Do you tend to endlessly weigh the pros and cons of trying to make a choice? Try drawing a problem or taking a leap in time and talking to yourself in the future. Or draw a “Descartes square.” We’re sure one of these methods will definitely work.

We have to make decisions every day. But for some people, the process is a “one, two, three” process, while for others it is a lot of anxiety. Sometimes a decision has to be literally nurtured on the ground of doubts and fears. How to stop rushing between options and spending energy on it and learn to make an informed choice?

1. Abstract emotionally

If possible, it is worth postponing this process and return to it in a calm state, when passions will subside and the devil will not be as scary as it is beckoned. There is a high probability that the problem will either resolve itself with the best outcome or lose its urgency. The Dalai Lama, the spiritual leader of Buddhists, recommends this approach to his disciples and followers.

2. Don’t push yourself into a corner

As Albert Estein said, “a problem cannot be solved at the same level at which it originated”. Which means, after soberly assessing the situation, you should try to move to a new level of looking at the problem and make a decision. How to do it? For example, by schematically depicting the problem on paper in the form of a drawing with clear boundaries. The next step is to go beyond those boundaries. “Often we find it difficult to find a solution because we subconsciously limit ourselves to the territory of the drawing,” wrote Bernard Weber. – However, nowhere does it say that one should not go beyond its boundaries. The conclusion is that to understand a system, one must go beyond it”.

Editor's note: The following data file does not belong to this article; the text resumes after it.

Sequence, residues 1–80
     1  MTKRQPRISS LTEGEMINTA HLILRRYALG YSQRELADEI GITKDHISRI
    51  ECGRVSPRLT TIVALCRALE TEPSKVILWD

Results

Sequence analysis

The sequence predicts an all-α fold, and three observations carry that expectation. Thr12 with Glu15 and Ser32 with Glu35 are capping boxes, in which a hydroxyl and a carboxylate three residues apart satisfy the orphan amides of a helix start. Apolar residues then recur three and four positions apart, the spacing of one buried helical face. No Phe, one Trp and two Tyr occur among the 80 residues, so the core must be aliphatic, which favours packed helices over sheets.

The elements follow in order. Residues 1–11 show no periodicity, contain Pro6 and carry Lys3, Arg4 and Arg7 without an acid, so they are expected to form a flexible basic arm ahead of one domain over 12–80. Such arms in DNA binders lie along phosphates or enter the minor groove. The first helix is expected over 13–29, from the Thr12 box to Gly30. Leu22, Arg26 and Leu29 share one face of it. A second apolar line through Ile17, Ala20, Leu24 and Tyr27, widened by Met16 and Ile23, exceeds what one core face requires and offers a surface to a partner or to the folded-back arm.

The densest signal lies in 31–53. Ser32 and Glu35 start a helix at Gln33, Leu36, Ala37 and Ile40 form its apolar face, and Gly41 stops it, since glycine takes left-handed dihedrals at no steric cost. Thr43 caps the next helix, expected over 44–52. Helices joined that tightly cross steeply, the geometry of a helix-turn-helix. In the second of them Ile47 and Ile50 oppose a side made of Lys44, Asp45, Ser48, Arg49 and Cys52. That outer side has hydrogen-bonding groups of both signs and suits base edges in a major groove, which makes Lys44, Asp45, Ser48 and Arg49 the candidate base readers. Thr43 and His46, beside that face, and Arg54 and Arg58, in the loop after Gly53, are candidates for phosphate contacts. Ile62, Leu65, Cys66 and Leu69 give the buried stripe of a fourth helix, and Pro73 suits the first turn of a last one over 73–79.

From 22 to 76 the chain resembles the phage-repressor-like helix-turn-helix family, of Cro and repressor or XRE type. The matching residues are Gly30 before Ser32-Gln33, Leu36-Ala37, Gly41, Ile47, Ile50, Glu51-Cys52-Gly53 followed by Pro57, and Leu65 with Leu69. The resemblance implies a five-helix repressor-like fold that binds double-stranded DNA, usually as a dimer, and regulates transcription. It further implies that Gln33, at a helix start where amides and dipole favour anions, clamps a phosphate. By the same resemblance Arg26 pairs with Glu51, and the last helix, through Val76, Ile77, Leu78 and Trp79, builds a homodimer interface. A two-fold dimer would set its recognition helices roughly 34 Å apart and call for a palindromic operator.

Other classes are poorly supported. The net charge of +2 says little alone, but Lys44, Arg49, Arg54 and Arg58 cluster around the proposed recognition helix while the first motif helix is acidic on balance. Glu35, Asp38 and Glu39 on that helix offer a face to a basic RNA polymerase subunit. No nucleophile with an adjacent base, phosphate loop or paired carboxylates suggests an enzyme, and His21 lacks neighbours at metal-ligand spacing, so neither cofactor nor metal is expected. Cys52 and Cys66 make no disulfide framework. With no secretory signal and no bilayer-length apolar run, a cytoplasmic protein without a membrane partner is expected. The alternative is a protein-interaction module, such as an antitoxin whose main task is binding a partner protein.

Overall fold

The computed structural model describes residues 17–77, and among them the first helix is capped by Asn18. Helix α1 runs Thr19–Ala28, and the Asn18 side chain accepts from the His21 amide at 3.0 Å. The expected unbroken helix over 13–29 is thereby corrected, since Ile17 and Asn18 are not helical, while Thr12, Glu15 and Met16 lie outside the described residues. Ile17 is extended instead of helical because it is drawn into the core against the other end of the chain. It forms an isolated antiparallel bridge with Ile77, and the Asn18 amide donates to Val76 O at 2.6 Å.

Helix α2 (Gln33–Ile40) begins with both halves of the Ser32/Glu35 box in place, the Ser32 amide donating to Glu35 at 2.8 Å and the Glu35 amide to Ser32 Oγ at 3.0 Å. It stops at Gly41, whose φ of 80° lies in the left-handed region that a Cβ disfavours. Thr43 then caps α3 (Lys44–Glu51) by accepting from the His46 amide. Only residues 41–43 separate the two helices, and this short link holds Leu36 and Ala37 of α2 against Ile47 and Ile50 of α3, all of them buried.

3. Use the method of backward reasoning

This method is widely used in game theory: with its help participants calculate the path to victory, it consists of the following. You need to schematically “untangle” on paper the tangle from the decision made to the present moment, thinking through the possible steps and their consequences in reverse chronological order. Let’s say you need to decide how to get to your destination quickly and inexpensively. The destination is the decision you made, that is, the starting point. The steps that could lead to that point: plane, train, car. Consider a plane – is it a regular flight or a charter flight? If regular, is it direct or with a connection? If connecting, is it in Moscow or St. Petersburg? And so on.

In this way you need to “untangle” all the options. In the end, you should end up with a scheme that looks like a branching tree. It remains to draw out the most optimal path and eliminate unnecessary actions.

4. Apply the coaching method of time stretching

If drawing and calculating steps does not work, try to see yourself in the moment when the decision has already been made and the consequences are quite clear. What can you tell yourself from that point? What can you warn against, what can you advise?

5. Use the Descartes square

The method boils down to four questions to ask yourself:

Once you have the answers, it remains to weigh what is best for you and what you can easily do without. Whatever decision you made, it was the only right one under the circumstances. You will never be able to disprove it.

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